Now he’s with Michelle Caruso-Cabrera, the former CNBC reporter who is the author of a 2010 book “You Know I'm Right: More Prosperity, Less Government,” in which she describes herself as a “fiscal conservative and a social liberal” and fan of Ronald Reagan.
Now the well-heeled Caruso-Cabrera is running against Ocasio-Cortez in the Democratic primary, trying to get her opponent to debate her just as AOC did in her congressional bid. But unlike AOC back then, Caruso-Cabrera has a bold-faced team that includes Connor and Hank Sheinkopf, the veteran and oft-quoted New York Democratic political consultant.
Caruso-Cabrera’s campaign donors include movers and shakers like the Langone family, who often donate to Republicans and helped found Home Depot; Alan Mnuchin, brother of President Donald Trump’s treasury secretary; Jonathan Kraft of the Patriots dynasty, whose father is a Trump associate; and other high-powered lawyers and business people, many of them from outside New York. Altogether, Caruso-Cabrera’s April quarterly filing showed receipts of more than $1 million.
Two years ago, Ocasio-Cortez famously beat Joe Crowley, a member of the House Democratic leadership team. Caruso-Cabrera’s high-powered team and support from left and right demonstrate the residual vitriol toward the lefty phenom from some quarters — and perhaps the lure of money.
—Mark Chiusano @mjchiusano
Don't fall for it
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New help in reducing nitrogen flow in Suffolk
There is little debate about the need to reduce nitrogen flowing from Suffolk’s 360,000 residential septic systems. The county has embarked on a program to offer grants to homeowners to replace failing or inefficient systems with high-tech installations that dramatically reduce the nitrogen that is harming our groundwater.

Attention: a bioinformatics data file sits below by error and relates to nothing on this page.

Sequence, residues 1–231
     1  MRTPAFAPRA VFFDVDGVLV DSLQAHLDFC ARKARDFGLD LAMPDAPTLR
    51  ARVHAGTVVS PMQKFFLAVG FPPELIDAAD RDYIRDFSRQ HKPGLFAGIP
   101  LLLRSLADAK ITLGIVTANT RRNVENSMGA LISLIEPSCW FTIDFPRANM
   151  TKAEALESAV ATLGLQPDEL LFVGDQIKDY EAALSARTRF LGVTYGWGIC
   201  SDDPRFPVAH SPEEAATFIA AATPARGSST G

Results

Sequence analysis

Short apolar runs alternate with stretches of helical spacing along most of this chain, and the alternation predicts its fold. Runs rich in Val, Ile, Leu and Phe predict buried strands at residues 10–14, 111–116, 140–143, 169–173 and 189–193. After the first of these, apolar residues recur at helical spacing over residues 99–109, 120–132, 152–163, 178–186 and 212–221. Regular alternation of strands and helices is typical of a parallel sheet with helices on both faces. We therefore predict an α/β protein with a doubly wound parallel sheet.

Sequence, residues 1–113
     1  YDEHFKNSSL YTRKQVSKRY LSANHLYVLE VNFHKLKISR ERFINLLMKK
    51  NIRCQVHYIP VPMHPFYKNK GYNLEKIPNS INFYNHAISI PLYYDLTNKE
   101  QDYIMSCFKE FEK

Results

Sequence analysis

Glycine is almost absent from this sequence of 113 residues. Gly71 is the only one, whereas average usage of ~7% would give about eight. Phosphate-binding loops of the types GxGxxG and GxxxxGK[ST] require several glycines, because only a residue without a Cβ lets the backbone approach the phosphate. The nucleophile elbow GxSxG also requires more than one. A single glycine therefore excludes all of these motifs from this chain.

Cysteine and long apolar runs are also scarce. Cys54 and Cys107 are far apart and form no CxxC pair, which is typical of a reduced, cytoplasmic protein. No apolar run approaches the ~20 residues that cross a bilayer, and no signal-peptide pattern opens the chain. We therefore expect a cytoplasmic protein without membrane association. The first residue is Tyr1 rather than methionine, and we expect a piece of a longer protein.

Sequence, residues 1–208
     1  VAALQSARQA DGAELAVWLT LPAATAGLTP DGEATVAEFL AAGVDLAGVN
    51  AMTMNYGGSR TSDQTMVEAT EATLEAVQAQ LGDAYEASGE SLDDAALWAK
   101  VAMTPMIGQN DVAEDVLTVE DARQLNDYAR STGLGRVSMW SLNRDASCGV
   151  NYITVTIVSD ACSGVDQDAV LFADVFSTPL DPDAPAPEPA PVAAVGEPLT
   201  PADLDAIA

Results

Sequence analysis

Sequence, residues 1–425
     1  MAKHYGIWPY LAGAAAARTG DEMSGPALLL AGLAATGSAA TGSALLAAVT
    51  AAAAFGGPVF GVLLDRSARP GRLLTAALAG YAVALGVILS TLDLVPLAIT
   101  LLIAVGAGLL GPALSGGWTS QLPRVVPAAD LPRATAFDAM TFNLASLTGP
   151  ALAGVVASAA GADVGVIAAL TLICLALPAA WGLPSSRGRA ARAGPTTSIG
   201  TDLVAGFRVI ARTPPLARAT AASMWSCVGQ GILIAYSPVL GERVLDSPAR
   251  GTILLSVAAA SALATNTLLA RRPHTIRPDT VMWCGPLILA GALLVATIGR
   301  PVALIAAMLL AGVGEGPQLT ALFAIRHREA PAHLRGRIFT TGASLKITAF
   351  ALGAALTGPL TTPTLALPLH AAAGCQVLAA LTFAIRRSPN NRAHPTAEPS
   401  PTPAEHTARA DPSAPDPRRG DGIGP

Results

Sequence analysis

But how can homeowners be sure the system is working as advertised?
Enter Qingzhi Zhu, a scientist at Stony Brook University and the New York State Center for Clean Water Technology, who recently won the $50,000 first prize in a federal Environmental Protection Agency international competition to design a low-cost sensor to measure nitrogen discharged by advanced home systems.
“For coastal areas, the nitrogen pollution from our conventional cesspools is a big problem,” said Zhu, whose device has passed one-week and one-month verification tests, and now faces a final six-month test to begin in the fall. Zhu told The Point he is working on some hardware and software updates in preparation for the last challenge.
“I’m pretty confident, the components are working pretty well,” Zhu said. “Our goal is to make it ready for commercialization next year.”
Zhu said the sensor will cost less than $1,500, to be added to the average system cost of $20,000. Just more than 1,000 systems have been installed under Suffolk’s program, with 972 more in the permitting process.
Deputy county executive Peter Scully, who is heading up the effort, said Zhu’s device meets Suffolk’s goal “to develop an inexpensive technology that can be installed on both new and existing systems.”
Zhu, an associate professor in the School of Marine and Atmospheric Sciences who earned a doctorate in chemistry from Xiamen University in China in 1997, has a track record of developing environmental sensors. His nitrogen sensor has potential widespread application.
“This is for any state, not only for Suffolk County,” Zhu said.
Nitrogen pollution, like some other current problems, knows no borders.
—Michael Dobie @mwdobie